We apply a similar analysis here. In our opinion, it would be too strict a reading of section 458-b (2) (c) (ii) to conclude that the veteran may not receive the Cold War exemption for county purposes because he receives the eligible funds exemption for city purposes. Instead, we think that the statutory limitation should be interpreted to mean that a veteran may not receive both a Cold War exemption and an eligible funds exemption or a Cold War exemption and an alternative exemption for the same municipal tax purpose. Where both exemptions are available for the same tax purpose and the veteran qualifies for both, he or she must choose which to seek. {4}

The second question is, after the 10-year exemption period for the basic Cold War exemption expires, a veteran, who currently receives an eligible funds exemption, may again receive the latter exemption. Given our just stated opinion, so long as veteran entitled to an eligible funds exemption is not receiving a Cold War exemption for the same municipal tax purpose, he or she may receive the eligible funds exemption. Note, however, that if the veteran, who otherwise qualifies for the eligible funds exemption did not previously receive it and his or her municipality offers the alternative exemption, then the veteran will not be able to receive a “new” eligible funds exemption (RPTL § 458 [6] [a] [i]); the alternative exemption may be an option for such a veteran.

October 22, 2008


{1}  In other words, as was true of section 458-a when it was first adopted, the exemption is “capped” at a veteran’s residence having a market value of $80,000. Homes having higher values would be limited to the same exemption amount as though they were valued at $80,000. For a discussion of how “caps” are applied in section 458-a, see 12 Op.Counsel SBRPS No. 2. They apply in a similar fashion in section 458-b.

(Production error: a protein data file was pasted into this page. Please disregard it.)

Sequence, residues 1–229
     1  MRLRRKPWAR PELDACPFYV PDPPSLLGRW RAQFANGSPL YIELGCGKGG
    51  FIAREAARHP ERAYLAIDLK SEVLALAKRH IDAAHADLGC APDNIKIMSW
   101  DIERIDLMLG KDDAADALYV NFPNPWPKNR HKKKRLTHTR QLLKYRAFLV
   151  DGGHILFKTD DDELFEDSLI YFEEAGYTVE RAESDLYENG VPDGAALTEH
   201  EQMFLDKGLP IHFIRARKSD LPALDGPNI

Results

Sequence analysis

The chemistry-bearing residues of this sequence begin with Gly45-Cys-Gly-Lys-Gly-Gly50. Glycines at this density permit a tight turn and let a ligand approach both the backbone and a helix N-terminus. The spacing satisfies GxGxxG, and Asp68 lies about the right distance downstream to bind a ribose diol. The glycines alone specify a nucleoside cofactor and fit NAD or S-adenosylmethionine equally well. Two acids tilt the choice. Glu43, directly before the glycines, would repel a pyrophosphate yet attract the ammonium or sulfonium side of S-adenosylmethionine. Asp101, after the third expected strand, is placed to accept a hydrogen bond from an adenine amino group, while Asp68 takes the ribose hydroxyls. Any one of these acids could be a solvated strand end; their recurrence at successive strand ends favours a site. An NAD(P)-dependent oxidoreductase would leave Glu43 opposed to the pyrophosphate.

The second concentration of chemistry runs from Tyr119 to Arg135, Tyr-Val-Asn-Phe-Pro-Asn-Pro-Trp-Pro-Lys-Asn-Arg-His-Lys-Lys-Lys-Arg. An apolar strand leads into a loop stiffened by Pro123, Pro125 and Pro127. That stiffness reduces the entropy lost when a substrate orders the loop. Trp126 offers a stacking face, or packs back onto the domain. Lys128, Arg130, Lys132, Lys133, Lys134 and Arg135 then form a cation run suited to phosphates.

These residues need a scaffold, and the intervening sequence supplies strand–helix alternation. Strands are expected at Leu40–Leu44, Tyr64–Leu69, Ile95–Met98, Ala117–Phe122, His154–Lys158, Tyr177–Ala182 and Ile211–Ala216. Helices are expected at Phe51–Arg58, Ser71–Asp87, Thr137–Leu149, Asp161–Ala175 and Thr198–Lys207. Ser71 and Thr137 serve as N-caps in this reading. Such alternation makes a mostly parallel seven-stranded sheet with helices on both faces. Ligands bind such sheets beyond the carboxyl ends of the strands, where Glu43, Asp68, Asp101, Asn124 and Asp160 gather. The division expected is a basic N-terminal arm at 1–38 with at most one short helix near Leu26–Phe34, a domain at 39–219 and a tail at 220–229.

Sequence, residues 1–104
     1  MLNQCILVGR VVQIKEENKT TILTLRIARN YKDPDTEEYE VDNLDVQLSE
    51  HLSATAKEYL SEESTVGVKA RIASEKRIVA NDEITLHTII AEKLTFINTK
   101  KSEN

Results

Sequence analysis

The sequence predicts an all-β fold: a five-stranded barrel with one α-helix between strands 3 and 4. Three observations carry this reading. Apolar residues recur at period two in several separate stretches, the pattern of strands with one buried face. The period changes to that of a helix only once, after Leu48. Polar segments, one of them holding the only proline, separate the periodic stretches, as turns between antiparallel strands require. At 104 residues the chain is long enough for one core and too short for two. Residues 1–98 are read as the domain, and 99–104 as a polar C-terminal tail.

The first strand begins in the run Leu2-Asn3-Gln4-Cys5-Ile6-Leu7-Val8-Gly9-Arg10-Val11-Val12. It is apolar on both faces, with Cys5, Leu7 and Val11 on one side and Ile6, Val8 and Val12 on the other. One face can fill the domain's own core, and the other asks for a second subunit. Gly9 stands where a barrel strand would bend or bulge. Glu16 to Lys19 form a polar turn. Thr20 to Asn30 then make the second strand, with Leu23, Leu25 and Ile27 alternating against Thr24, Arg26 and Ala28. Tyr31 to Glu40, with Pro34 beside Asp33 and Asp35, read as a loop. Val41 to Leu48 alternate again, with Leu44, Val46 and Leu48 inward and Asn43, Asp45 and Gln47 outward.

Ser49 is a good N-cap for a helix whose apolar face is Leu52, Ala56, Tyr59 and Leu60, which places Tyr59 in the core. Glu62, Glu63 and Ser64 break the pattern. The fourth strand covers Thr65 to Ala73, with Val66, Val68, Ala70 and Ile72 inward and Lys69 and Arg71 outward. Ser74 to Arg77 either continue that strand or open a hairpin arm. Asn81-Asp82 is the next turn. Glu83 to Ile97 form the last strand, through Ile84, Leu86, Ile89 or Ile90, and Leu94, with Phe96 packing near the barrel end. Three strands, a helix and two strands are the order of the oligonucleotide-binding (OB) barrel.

{2}  In other words, the exemption cap may be reduced to a $60,000 or $40,000 home.

{3}  We note that when the alternative veterans exemption was first enacted (L 1984 ch 525), it too included a 10-year limitation on the basic wartime and combat zone exemptions (former § 458-a [2] [d] [iii]), but that provision was repealed in 1990 (ch 903). Given that history, it would not be at all surprising if, in the future, the 10-year provision of section 458-b is also eliminated. Of course, unlike section 458-a, which offered only a brief one-time opportunity for municipalities to opt-out of that exemption, section 458-b is an “opt-in” exemption, so a municipality granting the same may rescind it if it so chooses (see Wright v. Town Bd. of Ticonderoga, 169 AD2d 190, 572 NYS2d 397 [3d Dept 1991], app den 79 NY2d 751, 587 NE2d 289, 579 NYS2d 651 [1991]).

{4}  Based on the language of section 458 (6) (b), in 10 Op.Counsel SBRPS No. 49, we also concluded: “If the county subsequently opts to grant the alternative exemption, the alternative exemption automatically applies for both taxing purposes.” The language of section 458 b (2) (c) (ii) differs, however, so no automatic exemption switch would occur should the city hereafter adopt the Cold War exemption.

Updated: